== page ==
"The Splendor of Ruins in French Landscape Painting, 1630-1800" If you have a thing for classical ruins and fussy 17th- and 18th-century French painting, this is the show for you. The paintings abound with Greek and Roman architecture in scenic states of decay, but there are some unexpected images in the cavalcade of academic classicism. Biblical scenes seem to have been an excuse for many of the artists to wallow in verdantly overgrown architectural splendor. Pierre-Antoine Patel, also known as Patel the younger, painted Landscape with Classical Ruins and Figures -- the title is self-explanatory. The painting is dominated by crumbled columns and temple ruins lit with a warm, golden light -- you almost miss the tiny figures in the foreground. The exhibition catalog says the work appears to be the Stoning of Stephen from the New Testament. Squint at the tiny figures, and it does seem that one of them is about to brain the other with a rock. (Isn't smashing people in the head with a rock more of an Old Testament thing?) With its bizarre juxtaposition of miniature, macabre figures with lush landscape and romantic ruins, this painting is one of the exhibition's oddball surprises. Through October 16. Museum of Fine Arts, Houston, 1001 Bissonnet, 713-639-7300.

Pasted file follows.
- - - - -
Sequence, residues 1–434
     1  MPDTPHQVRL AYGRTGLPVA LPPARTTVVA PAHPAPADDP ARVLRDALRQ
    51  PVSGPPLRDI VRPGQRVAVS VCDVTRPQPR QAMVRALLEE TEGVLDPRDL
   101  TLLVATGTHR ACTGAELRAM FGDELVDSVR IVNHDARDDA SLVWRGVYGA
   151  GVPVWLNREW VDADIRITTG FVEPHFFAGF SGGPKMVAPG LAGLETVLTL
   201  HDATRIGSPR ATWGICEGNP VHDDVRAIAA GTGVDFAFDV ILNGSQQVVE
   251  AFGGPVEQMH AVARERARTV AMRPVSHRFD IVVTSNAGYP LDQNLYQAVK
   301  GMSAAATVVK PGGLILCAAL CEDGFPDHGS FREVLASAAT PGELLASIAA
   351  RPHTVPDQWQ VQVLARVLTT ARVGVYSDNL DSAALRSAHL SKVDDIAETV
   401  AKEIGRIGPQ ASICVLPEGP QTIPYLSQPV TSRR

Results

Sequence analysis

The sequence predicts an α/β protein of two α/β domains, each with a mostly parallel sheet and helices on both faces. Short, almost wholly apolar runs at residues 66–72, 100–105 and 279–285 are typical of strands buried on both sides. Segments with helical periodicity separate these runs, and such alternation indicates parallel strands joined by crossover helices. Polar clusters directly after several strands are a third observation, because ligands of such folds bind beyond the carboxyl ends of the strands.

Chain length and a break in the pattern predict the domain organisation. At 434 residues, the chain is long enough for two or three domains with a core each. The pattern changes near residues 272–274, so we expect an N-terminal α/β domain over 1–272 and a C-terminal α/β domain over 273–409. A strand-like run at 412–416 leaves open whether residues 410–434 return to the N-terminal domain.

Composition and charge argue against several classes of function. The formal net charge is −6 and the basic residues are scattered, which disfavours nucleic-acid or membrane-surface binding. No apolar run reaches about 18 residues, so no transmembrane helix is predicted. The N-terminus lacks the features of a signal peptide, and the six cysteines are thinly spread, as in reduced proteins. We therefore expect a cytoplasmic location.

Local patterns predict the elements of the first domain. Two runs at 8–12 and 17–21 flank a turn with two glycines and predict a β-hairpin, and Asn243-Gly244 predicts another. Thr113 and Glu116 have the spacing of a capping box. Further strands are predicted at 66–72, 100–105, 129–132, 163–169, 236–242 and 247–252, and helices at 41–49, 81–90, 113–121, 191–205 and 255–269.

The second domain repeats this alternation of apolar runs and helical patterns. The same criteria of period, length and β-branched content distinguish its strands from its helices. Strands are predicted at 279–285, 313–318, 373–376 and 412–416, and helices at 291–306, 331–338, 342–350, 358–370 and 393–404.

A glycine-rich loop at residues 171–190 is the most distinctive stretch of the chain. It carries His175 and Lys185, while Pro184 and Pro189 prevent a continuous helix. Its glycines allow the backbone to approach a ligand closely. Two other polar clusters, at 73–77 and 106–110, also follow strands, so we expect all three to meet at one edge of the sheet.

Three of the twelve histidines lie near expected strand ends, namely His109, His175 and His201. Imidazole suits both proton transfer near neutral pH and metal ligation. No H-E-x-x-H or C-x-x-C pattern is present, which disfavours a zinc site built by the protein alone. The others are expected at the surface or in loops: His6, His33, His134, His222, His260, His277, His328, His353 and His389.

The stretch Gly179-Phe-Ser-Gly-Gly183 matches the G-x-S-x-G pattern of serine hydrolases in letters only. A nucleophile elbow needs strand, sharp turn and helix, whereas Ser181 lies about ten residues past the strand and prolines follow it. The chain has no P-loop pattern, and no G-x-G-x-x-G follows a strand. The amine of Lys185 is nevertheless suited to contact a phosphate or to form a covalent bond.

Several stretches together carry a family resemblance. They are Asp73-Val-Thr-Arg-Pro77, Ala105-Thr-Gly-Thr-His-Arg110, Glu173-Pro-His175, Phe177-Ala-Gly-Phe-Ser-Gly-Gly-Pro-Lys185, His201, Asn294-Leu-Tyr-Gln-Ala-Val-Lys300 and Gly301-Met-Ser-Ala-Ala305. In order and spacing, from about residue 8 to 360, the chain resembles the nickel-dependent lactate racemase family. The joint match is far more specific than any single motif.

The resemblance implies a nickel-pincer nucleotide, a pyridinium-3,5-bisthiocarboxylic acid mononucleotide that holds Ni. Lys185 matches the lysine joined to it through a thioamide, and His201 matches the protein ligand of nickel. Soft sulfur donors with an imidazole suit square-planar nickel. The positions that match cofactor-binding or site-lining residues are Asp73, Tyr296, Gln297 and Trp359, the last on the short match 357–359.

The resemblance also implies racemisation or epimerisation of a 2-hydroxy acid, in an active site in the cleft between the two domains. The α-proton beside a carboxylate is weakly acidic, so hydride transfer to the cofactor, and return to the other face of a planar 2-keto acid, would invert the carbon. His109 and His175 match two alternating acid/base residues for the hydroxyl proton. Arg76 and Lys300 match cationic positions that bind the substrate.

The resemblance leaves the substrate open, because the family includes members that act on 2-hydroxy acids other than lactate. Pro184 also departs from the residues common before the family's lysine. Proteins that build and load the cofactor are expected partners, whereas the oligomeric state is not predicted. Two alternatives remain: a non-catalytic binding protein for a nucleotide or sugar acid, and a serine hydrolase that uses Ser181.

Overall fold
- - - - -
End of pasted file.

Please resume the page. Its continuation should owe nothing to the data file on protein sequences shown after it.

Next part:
"Wyatt Nash: Images of a Pathetic Youth" In this exhibit, growing up is fraught with mishap, angst and fiasco. Wyatt Nash's sculptures re-create a skewed, loosely autobiographical reality out of Styrofoam and joint compound. His life-size objects have a wonderfully strange fleshy-looking finish, whether they depict a hand, an electric drill or a telephone. In his surreal vignettes, failure is the only option: A lawn mower crashes into a street sign; java cascades from an old beige Mr. Coffee appliance; a guitar is lodged in an amp; a chair sits empty by the phone while a squashed bouquet lies on the floor in a litter of cigarette butts. Through September 10. Lawndale Art Center, 4912 Main, 713-528-5858.